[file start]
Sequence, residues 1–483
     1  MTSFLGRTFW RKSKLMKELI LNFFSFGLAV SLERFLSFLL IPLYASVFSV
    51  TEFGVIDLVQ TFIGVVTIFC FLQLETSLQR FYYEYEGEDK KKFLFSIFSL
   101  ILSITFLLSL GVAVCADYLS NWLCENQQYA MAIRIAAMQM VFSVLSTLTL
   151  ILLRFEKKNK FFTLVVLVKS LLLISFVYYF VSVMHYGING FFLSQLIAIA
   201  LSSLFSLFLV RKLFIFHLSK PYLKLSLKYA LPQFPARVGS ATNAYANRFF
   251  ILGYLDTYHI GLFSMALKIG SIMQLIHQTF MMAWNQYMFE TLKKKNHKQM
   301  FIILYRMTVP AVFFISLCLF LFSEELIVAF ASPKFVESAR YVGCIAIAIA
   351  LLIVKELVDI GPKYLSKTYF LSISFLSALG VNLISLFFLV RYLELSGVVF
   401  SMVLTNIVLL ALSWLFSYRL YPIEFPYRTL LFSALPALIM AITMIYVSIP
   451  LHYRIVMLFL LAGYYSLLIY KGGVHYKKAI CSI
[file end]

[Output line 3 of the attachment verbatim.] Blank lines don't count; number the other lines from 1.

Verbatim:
    51  TEFGVIDLVQ TFIGVVTIFC FLQLETSLQR FYYEYEGEDK KKFLFSIFSL